Scientists have demonstrated that an abrupt weakening of the summer monsoon affected northwest India 4100 years ago. The resulting drought coincided with the beginning of the decline of the metropolis-building Indus Civilisation, which spanned present-day Pakistan and India, suggesting that climate change could be why many of the major cities of the civilisation were abandoned.
Reported this week in the journal Geology, the research (by Professor David Hodell, from Cambridge’s Department of Earth Sciences, together with University of Cambridge archaeologist Dr Cameron Petrie and Gates scholar Dr Yama Dixit) involved the collection of snail shells preserved in the sediments of an ancient lake bed. By analysing the oxygen isotopes in the shells, the scientists were able to tell how much rain fell in the lake where the snails lived thousands of years ago.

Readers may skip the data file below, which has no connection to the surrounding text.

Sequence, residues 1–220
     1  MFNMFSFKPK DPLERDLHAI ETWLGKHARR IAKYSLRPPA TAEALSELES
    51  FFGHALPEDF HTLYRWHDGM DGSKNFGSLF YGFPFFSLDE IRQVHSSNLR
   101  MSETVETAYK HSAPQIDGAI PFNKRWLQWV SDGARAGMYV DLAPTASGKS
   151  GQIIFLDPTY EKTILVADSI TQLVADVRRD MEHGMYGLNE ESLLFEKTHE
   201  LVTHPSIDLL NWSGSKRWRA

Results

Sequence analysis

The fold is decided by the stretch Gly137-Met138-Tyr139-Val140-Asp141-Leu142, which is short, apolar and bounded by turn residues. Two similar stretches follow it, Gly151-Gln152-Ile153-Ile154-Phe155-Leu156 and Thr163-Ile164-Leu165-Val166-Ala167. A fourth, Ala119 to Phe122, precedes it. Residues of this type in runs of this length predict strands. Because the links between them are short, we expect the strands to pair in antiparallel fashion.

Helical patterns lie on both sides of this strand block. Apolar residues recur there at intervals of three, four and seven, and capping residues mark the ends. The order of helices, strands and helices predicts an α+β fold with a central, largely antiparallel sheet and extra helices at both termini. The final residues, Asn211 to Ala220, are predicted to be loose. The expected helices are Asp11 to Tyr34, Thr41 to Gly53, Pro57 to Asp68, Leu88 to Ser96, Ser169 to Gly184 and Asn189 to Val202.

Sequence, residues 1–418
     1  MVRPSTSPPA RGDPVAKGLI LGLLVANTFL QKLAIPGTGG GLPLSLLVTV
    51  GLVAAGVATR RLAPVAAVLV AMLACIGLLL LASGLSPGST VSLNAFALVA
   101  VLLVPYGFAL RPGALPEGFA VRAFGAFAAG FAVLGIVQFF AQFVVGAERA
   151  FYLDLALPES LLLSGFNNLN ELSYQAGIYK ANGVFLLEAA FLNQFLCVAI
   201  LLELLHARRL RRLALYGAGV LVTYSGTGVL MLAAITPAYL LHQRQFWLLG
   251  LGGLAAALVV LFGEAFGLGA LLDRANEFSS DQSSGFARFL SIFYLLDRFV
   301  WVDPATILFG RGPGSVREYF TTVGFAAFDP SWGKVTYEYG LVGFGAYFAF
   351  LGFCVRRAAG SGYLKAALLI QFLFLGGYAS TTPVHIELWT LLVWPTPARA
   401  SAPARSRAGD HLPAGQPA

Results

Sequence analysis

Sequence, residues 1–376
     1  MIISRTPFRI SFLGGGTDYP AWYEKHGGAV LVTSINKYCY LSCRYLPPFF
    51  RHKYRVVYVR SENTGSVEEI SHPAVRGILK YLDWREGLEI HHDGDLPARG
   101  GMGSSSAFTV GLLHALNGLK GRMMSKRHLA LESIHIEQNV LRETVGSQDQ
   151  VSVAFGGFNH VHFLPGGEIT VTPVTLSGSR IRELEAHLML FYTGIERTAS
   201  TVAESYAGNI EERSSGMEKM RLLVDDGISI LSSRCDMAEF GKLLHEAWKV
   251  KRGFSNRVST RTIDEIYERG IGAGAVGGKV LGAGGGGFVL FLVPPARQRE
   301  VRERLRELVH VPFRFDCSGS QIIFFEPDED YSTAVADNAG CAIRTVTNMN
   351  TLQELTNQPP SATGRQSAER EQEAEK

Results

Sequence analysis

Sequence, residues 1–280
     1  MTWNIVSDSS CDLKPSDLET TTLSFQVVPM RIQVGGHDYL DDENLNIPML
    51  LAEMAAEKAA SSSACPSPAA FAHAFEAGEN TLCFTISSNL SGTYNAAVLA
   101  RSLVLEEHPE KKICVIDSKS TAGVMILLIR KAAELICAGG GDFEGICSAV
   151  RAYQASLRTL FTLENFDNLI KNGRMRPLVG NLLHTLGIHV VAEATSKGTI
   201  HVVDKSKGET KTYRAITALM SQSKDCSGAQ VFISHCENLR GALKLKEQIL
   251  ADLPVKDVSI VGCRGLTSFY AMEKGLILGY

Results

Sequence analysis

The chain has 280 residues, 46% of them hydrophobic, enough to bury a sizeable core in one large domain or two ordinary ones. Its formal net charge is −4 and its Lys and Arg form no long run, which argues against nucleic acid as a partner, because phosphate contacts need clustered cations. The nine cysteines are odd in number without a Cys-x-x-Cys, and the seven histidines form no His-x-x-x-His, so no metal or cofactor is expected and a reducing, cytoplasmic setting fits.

The results shed light on a mystery surrounding why the major cities of the Indus Civilisation were abandoned. Climate change had been suggested as a possible reason for this transformation before but, until now, there has been no direct evidence for climate change in the region where Indus settlements were located.
For more information on this project see: http://www.cam.ac.uk/research/news/decline-of-bronze-age-megacities-linked-to-climate-change